Tag Archives: Alimony Reform Act

Do Durational Limits Apply to Cases That Were Resolved Before the Alimony Reform Act?

The Supreme Judicial Court’s recent decision of George v. George provides guidance in applying the durational limits contained in the Alimony Reform Act. The Alimony Reform Act, which went into effect in March 2012, provides that all alimony awards that predate the Act are deemed “general term alimony.” Under G.L. c. 208, §49(b), general term … Continue Reading

Definition of Cohabitation Set in Recent Alimony Reform Act Interpretation

The latest in a series of cases interpreting and clarifying the Alimony Reform Act of 2011 has just been decided. Duff-Kareores vs. Kareores was decided by the Supreme Judicial Court on June 15, 2016. What’s the Story? The parties were married in 1995, had two children and divorced in 2004. They then lived separately, complying with … Continue Reading

It’s STILL Not Too Late to Act!

Hi there, I usually take no position on pending legislation but the proposed changes to the alimony law will adversely affect thousands of pre-existing divorce agreements. If you can, please take the time to read this update and consider calling or writing your State Representative and Senator. There is a lot of well organized force … Continue Reading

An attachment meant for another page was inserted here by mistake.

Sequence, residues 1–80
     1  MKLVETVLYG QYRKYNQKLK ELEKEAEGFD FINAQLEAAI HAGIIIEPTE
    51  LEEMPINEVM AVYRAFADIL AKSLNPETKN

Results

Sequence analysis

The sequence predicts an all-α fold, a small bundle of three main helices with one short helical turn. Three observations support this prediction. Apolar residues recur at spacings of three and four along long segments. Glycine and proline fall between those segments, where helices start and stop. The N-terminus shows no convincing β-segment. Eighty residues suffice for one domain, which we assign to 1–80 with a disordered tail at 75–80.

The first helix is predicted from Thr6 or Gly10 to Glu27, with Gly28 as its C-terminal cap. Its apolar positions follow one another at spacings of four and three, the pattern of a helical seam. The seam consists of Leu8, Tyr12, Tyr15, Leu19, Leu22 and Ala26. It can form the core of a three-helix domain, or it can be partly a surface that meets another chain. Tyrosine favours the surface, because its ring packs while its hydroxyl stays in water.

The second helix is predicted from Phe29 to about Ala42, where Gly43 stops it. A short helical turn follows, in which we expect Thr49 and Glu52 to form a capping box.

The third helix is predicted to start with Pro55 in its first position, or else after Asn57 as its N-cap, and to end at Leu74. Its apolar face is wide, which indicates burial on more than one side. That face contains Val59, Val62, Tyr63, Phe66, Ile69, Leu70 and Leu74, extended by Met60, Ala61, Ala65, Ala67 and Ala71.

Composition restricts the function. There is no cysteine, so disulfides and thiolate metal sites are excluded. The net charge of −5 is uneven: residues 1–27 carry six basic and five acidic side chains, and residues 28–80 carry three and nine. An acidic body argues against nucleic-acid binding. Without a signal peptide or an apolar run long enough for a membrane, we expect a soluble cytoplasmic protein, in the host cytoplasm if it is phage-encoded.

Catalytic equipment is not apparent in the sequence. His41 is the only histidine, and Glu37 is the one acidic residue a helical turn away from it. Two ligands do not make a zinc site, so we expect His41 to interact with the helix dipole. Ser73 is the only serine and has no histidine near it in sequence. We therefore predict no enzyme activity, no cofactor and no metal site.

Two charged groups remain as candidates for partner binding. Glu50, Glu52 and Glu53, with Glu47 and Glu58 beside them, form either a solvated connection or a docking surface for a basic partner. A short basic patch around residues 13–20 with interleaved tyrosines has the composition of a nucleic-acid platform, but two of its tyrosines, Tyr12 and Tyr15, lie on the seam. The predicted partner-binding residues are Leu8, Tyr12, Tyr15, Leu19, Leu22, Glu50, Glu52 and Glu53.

It’s Not Too Late to Act!

Hi there, Earlier in 2016 our Private Client group happily welcomed Ann “Hether” Hetherwick Cahill as an associate. Hether’s practice focuses on probate and family court litigation, including will contests, removal claims, trust disputes, equity actions, guardianship and conservatorship proceedings, and family law. We’re pleased to feature some of her thoughts on the recent developments … Continue Reading

First SJC Clarification of the New Alimony Reform Act

Hi there, With the coming of spring comes a fresh interpretation of some relatively new legislation that has been closely watched by attorneys around Massachusetts. Any new law will require interpretation by the courts, going up through the Supreme Judicial Court (SJC), before lawyers are sure of how the ambiguities in any new law will … Continue Reading
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